GoforthsThough the Goforths faced many personal hardships and losses, “Sometimes when letters would reach us from the homeland expressing pity for us, how my husband would laugh as I read them to him. ‘Pity,’ he would say, ‘why this is the most glorious life possible!’ Yes, it was indeed!” (p. 69).

(You can see a list of other posts in the 31 Days of Missionary Stories here.)


(This will also be linked to Semicolon‘s Saturday Review of Books.)

31 Days of Missionary Stories: Answer to a Mother’s Prayer

I wanted to start off the 31 Days of Missionary Stories with God’s answer to an everyday, normal need. There are some dramatic missionary stories, but missionaries don’t spend all their time on the front lines fighting spiritual battles or out on the streets witnessing to everyone they meet. They have to deal with the same mundane affairs of life that we all do, and often those mundane affairs are more complicated than they are in America. That was especially true in previous centuries.

Jonathan and Rosalind Goforth were missionaries to China in the late 1800s and early 1900s. Mrs. Goforth has written Goforth of China, a biography of her husband; How I Know God Answers Prayer (I was delighted to find what appears to be all or most of the text of this book here, and it is free for the Kindle for a time here.); and Climbing, which includes many anecdotes she was requested to share as well as some of her own personal struggles. The following comes from Climbing.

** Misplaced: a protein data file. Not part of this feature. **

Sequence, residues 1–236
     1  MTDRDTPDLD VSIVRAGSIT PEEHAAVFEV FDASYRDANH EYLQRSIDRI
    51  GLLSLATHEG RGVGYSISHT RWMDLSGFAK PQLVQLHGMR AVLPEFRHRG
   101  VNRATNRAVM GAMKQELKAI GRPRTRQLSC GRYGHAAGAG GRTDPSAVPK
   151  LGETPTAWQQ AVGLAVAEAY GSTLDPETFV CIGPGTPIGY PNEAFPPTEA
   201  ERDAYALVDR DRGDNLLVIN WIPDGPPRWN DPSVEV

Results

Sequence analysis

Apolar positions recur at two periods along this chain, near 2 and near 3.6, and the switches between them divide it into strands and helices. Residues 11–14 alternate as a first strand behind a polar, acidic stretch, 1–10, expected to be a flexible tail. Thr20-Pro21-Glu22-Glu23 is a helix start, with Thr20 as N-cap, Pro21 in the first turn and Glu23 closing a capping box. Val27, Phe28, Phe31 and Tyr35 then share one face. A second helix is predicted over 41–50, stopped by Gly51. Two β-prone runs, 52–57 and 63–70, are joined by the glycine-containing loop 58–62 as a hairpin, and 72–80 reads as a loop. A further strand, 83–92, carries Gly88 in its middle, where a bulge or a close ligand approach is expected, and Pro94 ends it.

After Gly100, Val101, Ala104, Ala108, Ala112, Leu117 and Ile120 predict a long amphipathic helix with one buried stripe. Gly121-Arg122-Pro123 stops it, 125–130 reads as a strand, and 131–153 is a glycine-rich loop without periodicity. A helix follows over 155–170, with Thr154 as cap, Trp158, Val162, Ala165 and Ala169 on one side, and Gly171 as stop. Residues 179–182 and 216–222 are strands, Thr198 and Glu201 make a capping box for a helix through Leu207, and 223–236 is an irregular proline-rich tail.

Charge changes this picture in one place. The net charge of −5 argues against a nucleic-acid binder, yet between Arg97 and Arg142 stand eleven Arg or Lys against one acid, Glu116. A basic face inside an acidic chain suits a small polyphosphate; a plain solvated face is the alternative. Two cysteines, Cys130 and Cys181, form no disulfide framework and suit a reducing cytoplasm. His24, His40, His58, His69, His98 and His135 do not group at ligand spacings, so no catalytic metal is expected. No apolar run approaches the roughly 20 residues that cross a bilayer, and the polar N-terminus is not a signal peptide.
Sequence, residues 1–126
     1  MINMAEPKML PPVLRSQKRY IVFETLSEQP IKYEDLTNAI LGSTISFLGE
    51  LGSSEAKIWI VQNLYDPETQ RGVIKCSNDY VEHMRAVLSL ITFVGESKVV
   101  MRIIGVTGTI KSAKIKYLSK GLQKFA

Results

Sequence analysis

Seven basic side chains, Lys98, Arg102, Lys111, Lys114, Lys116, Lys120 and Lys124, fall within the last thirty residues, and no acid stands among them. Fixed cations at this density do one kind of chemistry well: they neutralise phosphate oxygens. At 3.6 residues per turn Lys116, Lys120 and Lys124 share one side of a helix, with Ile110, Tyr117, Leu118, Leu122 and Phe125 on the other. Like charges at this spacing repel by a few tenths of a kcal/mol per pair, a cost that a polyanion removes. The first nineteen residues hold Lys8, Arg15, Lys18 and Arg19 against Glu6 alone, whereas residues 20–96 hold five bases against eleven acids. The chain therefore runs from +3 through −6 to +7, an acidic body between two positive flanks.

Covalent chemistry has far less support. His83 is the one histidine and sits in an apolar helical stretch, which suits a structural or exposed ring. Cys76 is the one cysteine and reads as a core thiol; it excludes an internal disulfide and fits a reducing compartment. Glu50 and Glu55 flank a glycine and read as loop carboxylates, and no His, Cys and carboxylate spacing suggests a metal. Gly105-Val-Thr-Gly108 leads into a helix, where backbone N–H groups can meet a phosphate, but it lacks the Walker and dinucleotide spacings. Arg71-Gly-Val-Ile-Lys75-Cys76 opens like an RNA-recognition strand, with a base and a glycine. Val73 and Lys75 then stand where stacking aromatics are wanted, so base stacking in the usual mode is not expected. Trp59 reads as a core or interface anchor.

The Goforths had just narrowly and traumatically escaped from the Boxer Rebellion in China to Shanghai. Until a ship left that they could find passage on, they had to stay in an empty house with little furniture. In the ten days they were there, her husband and son Paul bought some ready-made clothes, and she was able to have one dress made.

But the other three children! They were in rags given by the Chinese on the journey. How could I, without materials, without a machine, get an outfit made for even one, and the ocean voyage just ahead! Alone with the baby one morning I cast myself down by the little one and cried again and again to the Lord to send someone to help me. My distress was great. Help I must have, but I knew no one to whom I could turn. Then suddenly, while I was praying, the doorbell rang. On opening the door I found two women outside. They introduced themselves and told of having seen our names among those of the refugees. They were in charge of a Chinese girls’ school, but on account of the Boxer troubles, all the girls had been sent home. They then said, “We have nothing to do and thought you may need help.” Scarcely able to speak, I told them rapidly my story; how I was on my knees pleading for help when they rang the bell. A few moments followed in which we stood clasping hands, weeping, just too full for speech. Then they went away to get materials, for there was no time to lose.